UND Students enter West Hall, which is a coed building. Although men and women are both allowed to live in the building, the wings remain separated by gender. Photo by Chester Beltowski/The Dakota Student.
Across the country, universities have started to reconsider gender being a factor in rooming within the dormitories, creating “gender-neutral” housing.
More than 55 universities have jumped on the “gender-neutral” housing bandwagon, including Stanford, Cornell and Columbia. The development in gender-neutral housing began with an effort to help make gay and transgender individuals feel more comfortable in University housing, according to the Washington Post.
Earlier this year, the University of Wisconsin-La Crosse began allowing male and female students to live together in suite-style dorms upon request. Although there is only one residence hall that offers these accommodations, since there is only one dorm that has suite-style units with separate bedrooms, campus officials at La Crosse believe that this is a step towards equal rights.
Housing at UND
Although many schools have started allowing coed roommates in some dorms, it does not look like UND will be the next school to make this big jump.
“We have not had any requests from students for gender-neutral housing,” said Cindy Spencer, UND Director of Resident Life and Education. “If we do get these requests, we would talk to the students and the school board in order to find out what we can do to make these accommodations.”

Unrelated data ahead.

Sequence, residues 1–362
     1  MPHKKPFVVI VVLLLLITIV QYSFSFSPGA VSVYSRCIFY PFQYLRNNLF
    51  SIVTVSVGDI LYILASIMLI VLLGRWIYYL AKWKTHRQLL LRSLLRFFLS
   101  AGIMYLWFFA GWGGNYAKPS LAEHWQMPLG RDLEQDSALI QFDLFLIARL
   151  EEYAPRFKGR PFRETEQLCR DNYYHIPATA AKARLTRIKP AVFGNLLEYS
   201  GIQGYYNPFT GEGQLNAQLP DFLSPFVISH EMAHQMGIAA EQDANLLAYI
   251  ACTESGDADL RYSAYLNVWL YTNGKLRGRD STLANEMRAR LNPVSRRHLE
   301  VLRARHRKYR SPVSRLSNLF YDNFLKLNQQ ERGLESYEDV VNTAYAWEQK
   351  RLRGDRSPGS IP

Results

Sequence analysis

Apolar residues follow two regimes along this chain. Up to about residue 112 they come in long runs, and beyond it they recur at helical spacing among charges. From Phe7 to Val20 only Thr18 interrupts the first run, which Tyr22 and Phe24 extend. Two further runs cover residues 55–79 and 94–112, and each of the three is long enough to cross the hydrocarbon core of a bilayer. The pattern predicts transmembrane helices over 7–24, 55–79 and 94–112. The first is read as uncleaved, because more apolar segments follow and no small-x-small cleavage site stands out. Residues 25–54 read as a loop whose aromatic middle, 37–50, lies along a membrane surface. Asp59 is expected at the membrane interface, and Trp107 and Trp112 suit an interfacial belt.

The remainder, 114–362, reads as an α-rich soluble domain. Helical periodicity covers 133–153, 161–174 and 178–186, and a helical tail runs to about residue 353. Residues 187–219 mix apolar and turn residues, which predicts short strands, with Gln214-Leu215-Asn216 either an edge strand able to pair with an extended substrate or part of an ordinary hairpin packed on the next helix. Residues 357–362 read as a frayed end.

From within the housing staff members, former resident assistant in Johnstone/Fulton, Emily Hill, can see benefits in people of opposite genders living in the same suite area, but not the same room.
“As an RA, I noticed that dorms that had both males and females on the same floor were often cleaner and more social,” Hill said. “I can see situations getting messy for the housing department if couples break up while living in the same room, but ultimately living in the same suite could have benefits, but it should always be a choice for the students to do so.”
Although some staff members seem willing to accommodate, students on campus seem opposed to the idea. Many students interviewed were against the idea because of their own personal religious beliefs. Others assumed it would create tension among residents in the dorms.
“I see this as an excuse for couples to live together,” freshman Taylor Reetz said. “What happens when the couples break up? I just see this situation causing a lot of unneeded drama.”
After speaking to several students, The Dakota Student found that overall males seemed more open to the idea of gender-neutral housing than females.
Students with a neutral stance on housing seemed to not oppose merely because it wouldn’t pertain to them.
“I don’t care if students of opposite genders room together,” freshman Elisabeth Bender said. “I don’t plan on doing it, but that doesn’t mean other people shouldn’t have the chance to. If it makes some people more comfortable to room with people of the opposite gender, then I am not going to stand in their way.”
Although the idea of gender-neutral housing seems to be making waves across the country, it won’t be making an appearance at UND anytime in the near future.
Erin Cheever is a staff writer for The Dakota Student. She can be reached at [email protected]